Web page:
In my mind, shallow thing that it is, we went to Vegas last week to visit Cousin Sbook and his dear wife Mrs. Sbook, but the truth is, I went to Vegas because I lost a bet. With traffic that is. My trip was the most recent in the series of disasters that began with a bruised thigh. Let's get that part of our trip out of the way first:
- We arrived in Vegas late Thursday night. I arose reasonably early the next morning and drove to the courthouse, a nice new building. I had to take off my belt when I went through security because, as they wrung from me during cross-examination, I am not an attorney.
Parking had taken hideously longer. I spent, gosh, half an hour? driving around looking for a parking spot. I finally resigned myself to taking a two-hour spot, loading up the meter, and hoping it would be enough time and I could leave Vegas without an further ticket to add to my collection. Having made that decision I lucked out with a free two-hour spot, parked, crossed my fingers, walked to court.
After passing though security, I was nearly immediately in the traffic portion of the building. I took a number from a lady who said, "This is a municipal one--they go quick. Hurry over to the windows." And she was right. Before I got five paces my number was called. I sat down, pled nolo contendere, paid $280, learned about traffic school, and was gone. I easy spent five times more time looking for parking.
It is to my everlasting regret that we Thteeds did not whoosh over to the reasonably nearby Sbooks with greater frequency (eg, more than twice, say three times). Few indeed are the people I like more.
(And besides, we could have rendezvoused in December when Vegas does not burst thermometers at 117° [121° in Baker on our way home].)
I could go on and on about the Sbooks, starting with their excellent book collection (their library), the kangaroo paw on the wall you can make wishes on, their taste in films (can you say, "Y'know, for kids!"), their darling daughters, etc etc etc.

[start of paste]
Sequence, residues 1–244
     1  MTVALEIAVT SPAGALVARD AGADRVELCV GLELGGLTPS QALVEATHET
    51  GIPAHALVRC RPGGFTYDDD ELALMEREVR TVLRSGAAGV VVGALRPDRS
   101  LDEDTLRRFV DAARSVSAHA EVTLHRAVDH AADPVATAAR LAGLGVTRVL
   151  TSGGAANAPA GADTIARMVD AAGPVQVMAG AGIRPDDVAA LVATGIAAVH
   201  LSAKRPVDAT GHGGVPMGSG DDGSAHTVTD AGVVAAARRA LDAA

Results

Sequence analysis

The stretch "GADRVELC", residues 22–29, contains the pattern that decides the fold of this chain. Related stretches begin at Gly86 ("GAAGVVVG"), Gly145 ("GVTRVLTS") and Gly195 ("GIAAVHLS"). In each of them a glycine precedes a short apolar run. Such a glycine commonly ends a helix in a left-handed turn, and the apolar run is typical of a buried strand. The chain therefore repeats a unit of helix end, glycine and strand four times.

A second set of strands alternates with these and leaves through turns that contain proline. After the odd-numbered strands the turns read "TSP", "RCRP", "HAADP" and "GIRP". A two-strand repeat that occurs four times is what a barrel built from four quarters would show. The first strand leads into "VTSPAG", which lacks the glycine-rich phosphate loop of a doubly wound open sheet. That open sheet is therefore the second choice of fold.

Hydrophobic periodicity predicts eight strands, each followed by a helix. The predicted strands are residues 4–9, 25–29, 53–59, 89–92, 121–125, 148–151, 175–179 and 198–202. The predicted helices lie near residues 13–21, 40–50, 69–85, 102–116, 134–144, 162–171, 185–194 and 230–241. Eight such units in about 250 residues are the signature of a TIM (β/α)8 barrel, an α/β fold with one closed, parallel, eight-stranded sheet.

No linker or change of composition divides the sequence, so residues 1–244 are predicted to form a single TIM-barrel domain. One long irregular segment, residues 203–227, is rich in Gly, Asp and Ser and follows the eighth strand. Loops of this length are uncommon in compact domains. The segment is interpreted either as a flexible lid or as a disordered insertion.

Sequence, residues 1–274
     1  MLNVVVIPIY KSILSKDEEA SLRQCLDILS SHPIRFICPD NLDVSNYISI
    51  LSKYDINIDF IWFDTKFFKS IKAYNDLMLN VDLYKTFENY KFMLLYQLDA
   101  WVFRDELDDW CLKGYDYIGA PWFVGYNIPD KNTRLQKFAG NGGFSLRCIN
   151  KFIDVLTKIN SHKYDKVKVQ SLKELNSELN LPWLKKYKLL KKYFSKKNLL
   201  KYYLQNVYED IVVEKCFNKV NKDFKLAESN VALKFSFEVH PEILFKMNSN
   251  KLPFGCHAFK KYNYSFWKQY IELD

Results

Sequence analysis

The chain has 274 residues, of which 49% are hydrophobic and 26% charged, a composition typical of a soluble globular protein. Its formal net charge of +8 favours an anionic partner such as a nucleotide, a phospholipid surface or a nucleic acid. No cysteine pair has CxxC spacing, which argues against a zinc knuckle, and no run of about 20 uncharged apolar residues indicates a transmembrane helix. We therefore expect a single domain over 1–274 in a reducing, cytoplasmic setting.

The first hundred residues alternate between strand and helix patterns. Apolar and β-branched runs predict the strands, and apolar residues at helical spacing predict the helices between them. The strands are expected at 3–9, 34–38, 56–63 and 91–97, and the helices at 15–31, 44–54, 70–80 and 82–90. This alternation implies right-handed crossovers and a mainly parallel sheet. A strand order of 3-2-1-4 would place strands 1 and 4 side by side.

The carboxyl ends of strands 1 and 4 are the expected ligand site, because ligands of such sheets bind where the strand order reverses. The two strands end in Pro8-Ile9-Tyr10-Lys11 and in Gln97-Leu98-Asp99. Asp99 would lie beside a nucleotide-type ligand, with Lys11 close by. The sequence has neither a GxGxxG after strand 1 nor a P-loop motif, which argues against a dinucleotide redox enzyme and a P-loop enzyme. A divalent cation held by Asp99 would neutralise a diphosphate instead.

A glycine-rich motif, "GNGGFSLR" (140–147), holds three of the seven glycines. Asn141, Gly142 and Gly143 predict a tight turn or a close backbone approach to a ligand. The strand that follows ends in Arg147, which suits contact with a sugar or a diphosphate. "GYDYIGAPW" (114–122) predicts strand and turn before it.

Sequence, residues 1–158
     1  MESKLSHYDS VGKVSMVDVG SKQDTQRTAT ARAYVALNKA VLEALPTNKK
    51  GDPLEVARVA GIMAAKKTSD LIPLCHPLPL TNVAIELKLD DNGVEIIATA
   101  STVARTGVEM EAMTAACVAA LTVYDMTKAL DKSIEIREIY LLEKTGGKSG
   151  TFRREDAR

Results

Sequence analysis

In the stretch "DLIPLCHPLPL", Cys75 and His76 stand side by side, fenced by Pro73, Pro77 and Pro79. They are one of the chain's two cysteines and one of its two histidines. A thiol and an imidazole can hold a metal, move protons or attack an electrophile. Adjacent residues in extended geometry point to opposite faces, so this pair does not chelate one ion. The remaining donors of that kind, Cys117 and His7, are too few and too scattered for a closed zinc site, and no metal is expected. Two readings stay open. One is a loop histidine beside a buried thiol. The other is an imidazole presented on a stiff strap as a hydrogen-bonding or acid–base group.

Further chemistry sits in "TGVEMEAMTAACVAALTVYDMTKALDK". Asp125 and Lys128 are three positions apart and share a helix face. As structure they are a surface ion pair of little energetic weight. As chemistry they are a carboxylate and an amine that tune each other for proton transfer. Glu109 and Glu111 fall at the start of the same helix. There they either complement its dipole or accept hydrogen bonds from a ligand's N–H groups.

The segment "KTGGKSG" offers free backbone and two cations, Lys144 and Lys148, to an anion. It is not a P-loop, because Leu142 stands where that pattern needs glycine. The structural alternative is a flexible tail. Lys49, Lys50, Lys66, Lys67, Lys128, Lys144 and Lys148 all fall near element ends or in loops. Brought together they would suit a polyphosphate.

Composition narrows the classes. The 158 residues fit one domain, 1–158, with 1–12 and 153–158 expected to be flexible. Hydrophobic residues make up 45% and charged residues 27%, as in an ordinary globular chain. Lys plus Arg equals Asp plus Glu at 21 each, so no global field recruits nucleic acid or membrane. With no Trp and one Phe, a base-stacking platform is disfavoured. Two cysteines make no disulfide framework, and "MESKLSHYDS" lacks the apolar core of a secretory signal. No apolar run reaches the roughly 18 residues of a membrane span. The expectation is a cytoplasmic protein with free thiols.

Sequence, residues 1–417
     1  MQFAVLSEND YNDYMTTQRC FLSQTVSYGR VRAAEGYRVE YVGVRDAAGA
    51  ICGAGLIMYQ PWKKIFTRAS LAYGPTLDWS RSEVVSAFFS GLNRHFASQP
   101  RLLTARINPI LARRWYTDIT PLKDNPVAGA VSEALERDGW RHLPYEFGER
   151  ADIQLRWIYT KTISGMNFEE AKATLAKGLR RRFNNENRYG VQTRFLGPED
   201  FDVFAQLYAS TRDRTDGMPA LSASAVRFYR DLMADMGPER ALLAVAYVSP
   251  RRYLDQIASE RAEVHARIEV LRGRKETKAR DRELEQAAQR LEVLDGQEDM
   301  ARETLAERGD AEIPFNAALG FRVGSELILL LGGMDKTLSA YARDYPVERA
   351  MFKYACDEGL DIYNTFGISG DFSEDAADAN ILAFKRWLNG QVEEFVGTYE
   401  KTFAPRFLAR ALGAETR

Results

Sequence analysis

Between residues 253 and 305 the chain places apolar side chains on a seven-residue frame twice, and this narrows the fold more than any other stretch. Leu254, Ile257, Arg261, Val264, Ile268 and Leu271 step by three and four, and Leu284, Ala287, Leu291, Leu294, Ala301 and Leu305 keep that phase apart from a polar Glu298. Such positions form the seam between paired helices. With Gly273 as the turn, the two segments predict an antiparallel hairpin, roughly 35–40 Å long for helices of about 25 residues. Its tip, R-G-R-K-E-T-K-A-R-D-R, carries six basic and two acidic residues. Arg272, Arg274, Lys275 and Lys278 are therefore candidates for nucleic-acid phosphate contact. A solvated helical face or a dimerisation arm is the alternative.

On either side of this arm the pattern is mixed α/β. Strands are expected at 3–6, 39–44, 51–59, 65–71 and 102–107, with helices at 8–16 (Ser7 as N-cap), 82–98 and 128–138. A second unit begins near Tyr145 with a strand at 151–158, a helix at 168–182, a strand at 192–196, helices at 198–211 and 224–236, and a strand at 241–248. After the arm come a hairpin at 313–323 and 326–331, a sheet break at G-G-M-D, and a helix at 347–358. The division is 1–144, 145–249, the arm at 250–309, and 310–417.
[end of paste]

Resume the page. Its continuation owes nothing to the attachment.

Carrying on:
Granted, there are some mysteries remaining about them--what happened to their children's schwas, for instance--but these miss the point.
I suspect that family ties can bind our souls tighter than distance or time can ever undo. This theory is not born out with all my cousins, alas, but since Cousin Sbook became a military man, I have seen neither him nor his five times. However! I still consider it completely fair to call him one of my best friends.
Granted, we have a lot (a lot) in common. But I have much less in common with his sister and her husband, yet consider them top friends as well.
There is some complicated math going on here that I can't unravel, but though I may not be able to find my way backwards to the formula, the answer to the equation is clear: Family is forever. Not Vegas, not 117°, not driving reticence, not three years, not a thousand miles can diminish our relationship. They don't allow for much growth, to be sure, but Sbooks and Thteeds are a match all the same. Everytime we meet them I am reminded of this.
But I hate that I need such reminders.
I hereby resolve to remember.
(Don't let me forget.)